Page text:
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Is there any truth to Dale Carnegie’s “How to Win Friends and Influence People”?

Dale Carnegie’s How to Win Friends and Influence People is the classic on getting along well with others.

But is there any real science behind it, or is it just advice that “sounds good”? In the past I’ve broken down old sayings and career advice, let’s see if Carnegie holds up to scrutiny.

Carnegie listed six ways to make people like you.

Via Wikipedia:

  1. Become genuinely interested in other people.
  2. Smile.
  3. Remember that a person’s name is, to that person, the sweetest and most important sound in any language.
  4. Be a good listener. Encourage others to talk about themselves.
  5. Talk in terms of the other person’s interest.
  6. Make the other person feel important – and do it sincerely.

 

1) “Become genuinely interested in other people.”

Actively showing interest in other people is powerful. Merely listening to what they have to say and ask them to tell you more makes you more liked and people more receptive to your requests.

When people speak, the best responses are both active and constructive. What’s that mean?

It is engaged, enthusiastic, curious and has supportive nonverbal action. Ask questions. Be excited. Ask for details. Smile. Touch. Laugh.

Via Flourish: A Visionary New Understanding of Happiness and Well-being:

 

2) “Smile.”

Smiling does make you more attractive. And by smiling we influence others to smile. People judge things more positively while smiling, so our own smile can set off a chain reaction causing more positive encounters.

Via Choke: What the Secrets of the Brain Reveal About Getting It Right When You Have To:

The NYU students smiled, on average, a little over once a minute when they were with a smiling confederate and averaged only a third of a smile per minute when they were with a confederate who did not smile. We judge people and objects to be more pleasant when we are smiling in comparison to when we are frowning, so if you want your interviewer to think positively about you, try smiling.

So there’s truth to “when you’re smiling, the whole world smiles with you.”

How can you improve your smile? Smile slower.

 

3) “Remember that a person’s name is, to that person, the sweetest and most important sound in any language.”

Your name can affect your life dramatically. You are influenced by names similar to your own.

In fact, people with the same last name are much more likely to marry each other.

Via Subliminal: How Your Unconscious Mind Rules Your Behavior:

Smiths marry other Smiths three to five times as often as they marry Johnsons, Williamses, Joneses, or Browns. In fact, Smiths marry other Smiths about as often as they marry people with all those other names, combined.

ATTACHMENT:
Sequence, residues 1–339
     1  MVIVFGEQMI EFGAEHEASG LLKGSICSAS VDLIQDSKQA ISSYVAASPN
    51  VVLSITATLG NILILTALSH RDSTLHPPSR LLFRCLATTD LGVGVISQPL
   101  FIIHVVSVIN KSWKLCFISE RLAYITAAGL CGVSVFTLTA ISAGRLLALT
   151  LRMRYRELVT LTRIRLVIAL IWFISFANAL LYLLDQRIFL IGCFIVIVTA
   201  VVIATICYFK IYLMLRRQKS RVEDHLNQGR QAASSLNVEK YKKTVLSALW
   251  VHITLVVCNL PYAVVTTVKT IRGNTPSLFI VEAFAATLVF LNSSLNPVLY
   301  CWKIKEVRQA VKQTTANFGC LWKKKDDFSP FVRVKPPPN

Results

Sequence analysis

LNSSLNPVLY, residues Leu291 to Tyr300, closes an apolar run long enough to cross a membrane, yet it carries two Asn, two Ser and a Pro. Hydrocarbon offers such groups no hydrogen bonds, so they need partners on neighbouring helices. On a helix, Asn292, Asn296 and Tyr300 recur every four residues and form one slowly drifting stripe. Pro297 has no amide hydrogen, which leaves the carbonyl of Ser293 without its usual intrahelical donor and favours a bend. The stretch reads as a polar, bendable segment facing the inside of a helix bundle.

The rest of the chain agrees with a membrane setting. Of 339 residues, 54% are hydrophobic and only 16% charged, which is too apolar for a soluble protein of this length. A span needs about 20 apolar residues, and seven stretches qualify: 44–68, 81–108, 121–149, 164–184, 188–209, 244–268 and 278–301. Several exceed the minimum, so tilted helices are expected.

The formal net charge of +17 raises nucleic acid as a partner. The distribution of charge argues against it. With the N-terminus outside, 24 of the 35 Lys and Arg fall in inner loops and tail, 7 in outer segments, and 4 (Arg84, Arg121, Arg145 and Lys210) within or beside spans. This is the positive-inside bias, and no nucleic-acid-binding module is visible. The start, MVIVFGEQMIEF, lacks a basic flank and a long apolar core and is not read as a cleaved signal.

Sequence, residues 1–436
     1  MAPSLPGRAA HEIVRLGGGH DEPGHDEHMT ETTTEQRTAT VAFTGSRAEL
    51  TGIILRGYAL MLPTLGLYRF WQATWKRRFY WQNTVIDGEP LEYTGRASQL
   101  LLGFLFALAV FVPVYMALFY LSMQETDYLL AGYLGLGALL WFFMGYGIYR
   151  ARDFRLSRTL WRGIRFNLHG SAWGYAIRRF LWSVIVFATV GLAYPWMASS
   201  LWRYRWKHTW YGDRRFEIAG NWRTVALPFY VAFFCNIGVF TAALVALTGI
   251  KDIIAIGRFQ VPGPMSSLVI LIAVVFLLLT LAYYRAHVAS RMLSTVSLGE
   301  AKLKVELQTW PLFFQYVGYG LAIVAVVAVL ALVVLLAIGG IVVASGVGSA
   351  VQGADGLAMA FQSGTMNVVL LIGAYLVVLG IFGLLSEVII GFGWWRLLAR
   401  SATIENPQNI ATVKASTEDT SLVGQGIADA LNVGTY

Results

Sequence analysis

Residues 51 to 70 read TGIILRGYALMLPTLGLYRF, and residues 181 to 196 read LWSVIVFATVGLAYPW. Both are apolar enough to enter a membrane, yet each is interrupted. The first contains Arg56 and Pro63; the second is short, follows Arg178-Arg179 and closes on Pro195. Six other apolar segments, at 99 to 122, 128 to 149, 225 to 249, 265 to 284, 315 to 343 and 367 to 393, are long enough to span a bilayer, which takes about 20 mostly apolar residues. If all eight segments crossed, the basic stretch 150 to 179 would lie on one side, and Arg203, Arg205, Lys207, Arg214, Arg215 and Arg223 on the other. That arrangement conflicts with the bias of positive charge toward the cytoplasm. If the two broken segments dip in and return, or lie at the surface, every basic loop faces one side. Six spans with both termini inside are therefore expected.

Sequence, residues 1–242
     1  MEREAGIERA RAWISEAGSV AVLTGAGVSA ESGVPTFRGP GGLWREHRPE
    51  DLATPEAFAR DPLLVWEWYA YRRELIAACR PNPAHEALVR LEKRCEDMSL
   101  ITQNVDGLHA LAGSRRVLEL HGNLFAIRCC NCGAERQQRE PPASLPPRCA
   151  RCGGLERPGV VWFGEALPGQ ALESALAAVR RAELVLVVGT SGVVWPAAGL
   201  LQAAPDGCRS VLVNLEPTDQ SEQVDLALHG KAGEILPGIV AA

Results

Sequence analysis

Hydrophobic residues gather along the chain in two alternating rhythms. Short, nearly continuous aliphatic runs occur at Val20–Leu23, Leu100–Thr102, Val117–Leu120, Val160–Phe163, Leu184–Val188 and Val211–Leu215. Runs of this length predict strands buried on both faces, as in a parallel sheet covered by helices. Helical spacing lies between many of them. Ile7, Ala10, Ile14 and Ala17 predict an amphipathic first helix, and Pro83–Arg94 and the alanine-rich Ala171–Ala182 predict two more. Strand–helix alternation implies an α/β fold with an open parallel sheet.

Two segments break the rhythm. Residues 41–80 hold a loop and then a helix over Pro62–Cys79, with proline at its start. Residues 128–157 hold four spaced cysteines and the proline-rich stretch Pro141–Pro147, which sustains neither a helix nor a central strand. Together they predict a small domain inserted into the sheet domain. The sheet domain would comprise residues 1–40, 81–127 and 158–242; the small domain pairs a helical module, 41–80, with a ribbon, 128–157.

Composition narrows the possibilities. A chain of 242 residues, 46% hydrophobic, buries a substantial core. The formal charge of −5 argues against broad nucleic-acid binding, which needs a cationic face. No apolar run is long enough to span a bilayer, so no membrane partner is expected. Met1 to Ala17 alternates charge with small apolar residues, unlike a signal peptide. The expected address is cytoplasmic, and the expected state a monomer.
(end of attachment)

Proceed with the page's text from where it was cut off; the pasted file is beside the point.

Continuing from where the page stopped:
And, yes, research shows people are more likely to comply with your requests if you remember their name:

Three experiments demonstrate that remembering someone’s name facilitates their compliance with a purchase request made by the rememberer.

 

4) “Be a good listener. Encourage others to talk about themselves.”

Talking about yourself provides as much pleasure as food or money:

“Self-disclosure is extra rewarding,” said Harvard neuroscientist Diana Tamir, who conducted the experiments with Harvard colleague Jason Mitchell. Their findings were published in the Proceedings of the National Academy of Sciences. “People were even willing to forgo money in order to talk about themselves,” Ms. Tamir said.

 

5) “Talk in terms of the other person’s interest.”

Obviously, we’re all interested in talking about what interests us — and this engagement promotes liking. When women were more engaged in a conversation on a first date, they were much more likely to report being attracted to the guy.

Via Do Gentlemen Really Prefer Blondes?: Bodies, Behavior, and Brains–The Science Behind Sex, Love, & Attraction:

The more engaged the woman was in the conversation, the better the outcome.

 

6) “Make the other person feel important – and do it sincerely.”

It’s no surprise that people like to feel important and powerful. Feeling like we’re in control reduces stress:

Via Your Brain at Work: Strategies for Overcoming Distraction, Regaining Focus, and Working Smarter All Day Long:

Steve Maier at the University of Boulder, in Colorado, says that the degree of control that organisms can exert over something that creates stress determines whether the stressor alters the organism’s functioning. His findings indicate that only uncontrollable stressors cause deleterious effects. Inescapable or uncontrollable stress can be destructive, whereas the same stress that feels escapable is less destructive, significantly so.

Money doesn’t increase happiness much, but feeling powerful does. Most people would rather be the big fish in a small pond making $50,000 a year than the small fish in a big pond earning $100,000.

Via The Paradox of Choice: Why More Is Less:

In most cases, more than half of the respondents chose the options that gave them better relative position. Better to be a big fish, earning $50,000, in a small pond than a small fish, earning $100,000, in a big one.

So, yes, there is plenty of science backing up the techniques in How to Win Friends and Influence People.

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About Eric Barker